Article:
Background: Perineural inhibitors of tumor necrosis factor have recently generated intense interest as an alternative to epidural steroid injections for lumbosacral radiculopathy.
Objective: To evaluate whether epidural steroids, etanercept, or saline better improves pain and function in adults with lumbosacral radiculopathy.
Design: A multicenter, 3-group, randomized, placebo-controlled trial conducted from 2008 to 2011. Randomization was computer-generated and stratified by site. Pharmacists prepared the syringes. Patients, treating physicians, and nurses assessing outcomes were blinded to treatment assignment. (ClinicalTrials.gov registration number: NCT00733096)
Setting: Military and civilian treatment centers.
Patients: 84 adults with lumbosacral radiculopathy of less than 6 months' duration.
Intervention: 2 epidural injections of steroids, etanercept, or saline, mixed with bupivacaine and separated by 2 weeks.
Measurements: The primary outcome measure was leg pain 1 month after the second injection. All patients had 1-month follow-up visits; patients whose condition improved remained blinded for the 6-month study period.
Results: The group that received epidural steroids had greater reductions in the primary outcome measure than those who received saline (mean difference, −1.26 [95% CI, −2.79 to 0.27]; P = 0.11) or etanercept (mean difference, −1.01 [CI, −2.60 to 0.58]; P = 0.21). For back pain, smaller differences favoring steroids compared with saline (mean difference, −0.52 [CI, −1.85 to 0.81]; P = 0.44) and etanercept (mean difference, −0.92 [CI,−2.28 to 0.44]; P = 0.18) were observed. The largest differences were noted for functional capacity, in which etanercept fared worse than the other treatments: steroids vs. etanercept (mean difference, −16.16 [CI, −26.05 to −6.27]; P = 0.002), steroids vs. saline (mean difference, −5.87 [CI, −15.59 to 3.85]; P = 0.23), and etanercept vs. saline (mean difference, 10.29 [CI, 0.55 to 20.04]; P = 0.04). More patients treated with epidural steroids (75%) reported 50% or greater leg pain relief and a positive global perceived effect at 1 month than those who received saline (50%) or etanercept (42%) (P = 0.09).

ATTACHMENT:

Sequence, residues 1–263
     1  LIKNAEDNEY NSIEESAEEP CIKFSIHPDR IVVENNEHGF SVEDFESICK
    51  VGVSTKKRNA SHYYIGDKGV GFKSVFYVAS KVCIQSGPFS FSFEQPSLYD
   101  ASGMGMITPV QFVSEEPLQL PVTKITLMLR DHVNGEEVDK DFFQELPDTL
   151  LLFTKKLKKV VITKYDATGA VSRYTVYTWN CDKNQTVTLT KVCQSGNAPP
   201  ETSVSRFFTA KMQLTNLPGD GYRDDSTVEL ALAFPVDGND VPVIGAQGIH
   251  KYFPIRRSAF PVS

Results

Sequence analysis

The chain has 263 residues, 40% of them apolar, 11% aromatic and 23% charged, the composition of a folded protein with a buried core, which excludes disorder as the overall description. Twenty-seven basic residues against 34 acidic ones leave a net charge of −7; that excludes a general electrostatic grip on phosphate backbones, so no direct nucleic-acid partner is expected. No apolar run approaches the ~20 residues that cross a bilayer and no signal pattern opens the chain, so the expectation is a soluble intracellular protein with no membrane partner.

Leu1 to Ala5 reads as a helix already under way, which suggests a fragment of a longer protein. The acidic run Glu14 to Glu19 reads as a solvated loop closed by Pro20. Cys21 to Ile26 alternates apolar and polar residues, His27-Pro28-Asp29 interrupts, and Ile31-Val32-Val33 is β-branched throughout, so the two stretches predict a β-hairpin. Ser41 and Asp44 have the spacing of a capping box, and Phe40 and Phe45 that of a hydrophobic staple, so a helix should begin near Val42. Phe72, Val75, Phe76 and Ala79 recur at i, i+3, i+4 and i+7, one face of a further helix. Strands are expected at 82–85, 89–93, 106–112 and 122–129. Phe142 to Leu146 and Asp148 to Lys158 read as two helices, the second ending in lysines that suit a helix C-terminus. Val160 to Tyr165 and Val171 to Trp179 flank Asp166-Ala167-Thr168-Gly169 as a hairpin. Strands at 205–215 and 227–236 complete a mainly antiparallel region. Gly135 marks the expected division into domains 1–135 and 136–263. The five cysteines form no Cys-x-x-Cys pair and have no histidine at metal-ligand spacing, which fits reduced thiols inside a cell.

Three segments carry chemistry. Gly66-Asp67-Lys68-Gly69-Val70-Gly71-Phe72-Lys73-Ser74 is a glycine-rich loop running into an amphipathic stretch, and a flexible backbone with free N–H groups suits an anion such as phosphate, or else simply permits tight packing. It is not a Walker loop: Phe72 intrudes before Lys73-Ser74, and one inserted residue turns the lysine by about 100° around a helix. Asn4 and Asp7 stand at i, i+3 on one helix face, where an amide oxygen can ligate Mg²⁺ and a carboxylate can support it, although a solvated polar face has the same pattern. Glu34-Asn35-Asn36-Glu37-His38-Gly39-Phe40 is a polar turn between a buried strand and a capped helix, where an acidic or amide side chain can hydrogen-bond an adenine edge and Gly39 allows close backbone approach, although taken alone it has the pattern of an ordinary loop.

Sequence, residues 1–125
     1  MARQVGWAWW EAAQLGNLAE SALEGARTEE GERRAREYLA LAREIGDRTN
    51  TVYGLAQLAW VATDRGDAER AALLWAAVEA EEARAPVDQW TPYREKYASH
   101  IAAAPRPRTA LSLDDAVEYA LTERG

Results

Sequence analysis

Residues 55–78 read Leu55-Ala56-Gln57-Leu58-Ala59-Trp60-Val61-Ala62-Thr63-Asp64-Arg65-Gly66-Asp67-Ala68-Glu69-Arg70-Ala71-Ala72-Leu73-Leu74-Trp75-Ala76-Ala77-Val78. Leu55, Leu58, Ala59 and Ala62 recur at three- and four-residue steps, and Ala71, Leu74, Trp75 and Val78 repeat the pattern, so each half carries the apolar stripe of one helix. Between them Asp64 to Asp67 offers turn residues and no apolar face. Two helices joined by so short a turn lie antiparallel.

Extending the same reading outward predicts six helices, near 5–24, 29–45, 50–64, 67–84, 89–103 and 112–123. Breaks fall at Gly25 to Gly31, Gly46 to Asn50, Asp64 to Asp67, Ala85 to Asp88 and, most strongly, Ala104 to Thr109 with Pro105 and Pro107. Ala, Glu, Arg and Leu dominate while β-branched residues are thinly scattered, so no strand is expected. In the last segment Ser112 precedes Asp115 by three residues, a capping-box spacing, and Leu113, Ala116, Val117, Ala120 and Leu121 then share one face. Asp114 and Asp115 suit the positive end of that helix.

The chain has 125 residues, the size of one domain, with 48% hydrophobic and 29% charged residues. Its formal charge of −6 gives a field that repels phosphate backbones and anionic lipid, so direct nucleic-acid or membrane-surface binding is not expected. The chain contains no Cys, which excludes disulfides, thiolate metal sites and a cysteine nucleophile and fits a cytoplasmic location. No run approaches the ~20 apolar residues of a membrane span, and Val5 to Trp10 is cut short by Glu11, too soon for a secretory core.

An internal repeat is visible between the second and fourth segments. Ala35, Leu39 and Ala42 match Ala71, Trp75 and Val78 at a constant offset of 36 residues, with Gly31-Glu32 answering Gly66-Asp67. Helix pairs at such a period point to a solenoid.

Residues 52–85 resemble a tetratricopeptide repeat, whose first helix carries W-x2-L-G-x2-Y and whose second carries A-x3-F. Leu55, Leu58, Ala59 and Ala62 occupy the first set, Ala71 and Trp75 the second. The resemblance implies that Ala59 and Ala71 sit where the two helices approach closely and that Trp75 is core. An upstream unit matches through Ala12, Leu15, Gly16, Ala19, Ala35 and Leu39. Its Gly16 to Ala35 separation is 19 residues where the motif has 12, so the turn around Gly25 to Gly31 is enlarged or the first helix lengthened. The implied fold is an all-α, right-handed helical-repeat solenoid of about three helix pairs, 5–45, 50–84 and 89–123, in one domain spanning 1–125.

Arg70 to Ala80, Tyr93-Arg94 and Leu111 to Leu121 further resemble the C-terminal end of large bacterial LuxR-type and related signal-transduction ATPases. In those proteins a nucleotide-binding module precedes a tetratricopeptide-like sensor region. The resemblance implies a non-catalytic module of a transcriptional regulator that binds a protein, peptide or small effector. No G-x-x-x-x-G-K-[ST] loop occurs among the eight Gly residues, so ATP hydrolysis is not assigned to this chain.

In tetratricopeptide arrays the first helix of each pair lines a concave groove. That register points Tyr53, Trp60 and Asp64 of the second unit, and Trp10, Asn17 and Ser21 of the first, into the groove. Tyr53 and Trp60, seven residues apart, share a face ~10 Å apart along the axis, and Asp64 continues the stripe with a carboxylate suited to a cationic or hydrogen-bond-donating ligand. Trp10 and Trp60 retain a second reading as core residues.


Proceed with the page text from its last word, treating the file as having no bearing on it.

Limitation: Short-term follow-up, small sample size, and a possibly subtherapeutic dose of etanercept.
Conclusion: Epidural steroid injections may provide modest short-term pain relief for some adults with lumbosacral radiculopathy, but larger studies with longer follow-up are needed to confirm their benefits.
Primary Funding Source: The John P. Murtha Neuroscience and Pain Institute, International Spinal Intervention Society, and Center for Rehabilitation Sciences Research.